Software Preservation (was: SIMTEL...)

From: Eric J. Korpela <>
Date: Fri Apr 5 10:52:46 2002

> > I'm becoming convinced that the safest way to preserve software is to
> > keep it on a live filesystem that's frequently backed up, using at
> > least one type of relatively modern storage media - or at least on
> > mylar tape, although that's impractical for large amounts of data (and
> > impractical for me because I haven't acquired a tape punch/reader
> > yet). Any thoughts on this?
> I've already become convinced the only practical way to preserve it is onto
> live filesystems that are regularly backed up.

I agree to this. Fortunately the storage capacity of disks is increasing
rapidly enough that I am able to keep all the files or disk images that I've
ever had with plenty of room for current software. I currently use manual
mirroring, since disks are much cheaper than a tape drive. Give it a year
(or less) and disks will be less expensive than an equivalent tape, much
less a drive. (DLT tapes are $1/GB or so. Big disks with 5 times the capacity
are $1.80/GB.) My next semi permanent backup solution will likely be a
DVD+RW even though that falls far short of the capacity I would desire.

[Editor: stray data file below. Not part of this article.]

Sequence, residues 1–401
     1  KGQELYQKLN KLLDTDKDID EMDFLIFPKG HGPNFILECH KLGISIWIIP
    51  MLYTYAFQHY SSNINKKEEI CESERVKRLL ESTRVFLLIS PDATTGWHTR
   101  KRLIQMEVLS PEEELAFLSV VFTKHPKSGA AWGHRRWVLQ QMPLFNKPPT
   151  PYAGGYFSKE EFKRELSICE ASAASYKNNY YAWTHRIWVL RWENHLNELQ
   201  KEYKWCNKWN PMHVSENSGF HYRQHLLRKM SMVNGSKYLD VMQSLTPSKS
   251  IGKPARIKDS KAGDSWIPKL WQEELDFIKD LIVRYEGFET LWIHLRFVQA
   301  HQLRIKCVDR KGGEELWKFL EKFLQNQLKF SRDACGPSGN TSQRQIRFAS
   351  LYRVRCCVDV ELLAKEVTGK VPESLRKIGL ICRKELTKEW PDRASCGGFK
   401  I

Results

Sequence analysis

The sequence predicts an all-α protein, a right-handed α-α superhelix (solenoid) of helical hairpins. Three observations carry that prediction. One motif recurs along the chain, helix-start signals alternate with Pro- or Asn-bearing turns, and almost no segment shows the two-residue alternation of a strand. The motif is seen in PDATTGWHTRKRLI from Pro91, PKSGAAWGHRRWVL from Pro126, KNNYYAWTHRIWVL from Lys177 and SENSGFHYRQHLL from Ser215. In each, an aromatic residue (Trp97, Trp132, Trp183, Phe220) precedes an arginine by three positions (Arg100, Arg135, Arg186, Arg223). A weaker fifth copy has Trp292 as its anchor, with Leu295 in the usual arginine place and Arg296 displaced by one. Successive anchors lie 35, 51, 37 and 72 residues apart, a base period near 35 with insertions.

My next step after that is a hot swappable RAID mirror system, swapping a
drive a week, with 4 drives in rotation.

> found one. My idea is to build a Linux box with EIDE RAID setup to mirror a
> couple BIG EIDE disks (80+ Gigabytes). Then have everything else backup to
> those disks. I've figured out good ways to backup UNIX (rsync), VMS (BACKUP
> to an NFS mounted disk should work), and MacOS (Retrospect can backup via
> FTP). What I've not figured out is a way to backup Windows.

Windows can mount linux drives via Samba. Just use your favorite windows
backup program to back up to a file on the linux machine. I currently back
up two of my windows machines to the third in this manner.

Received on Fri Apr 05 2002 - 10:52:46 BST

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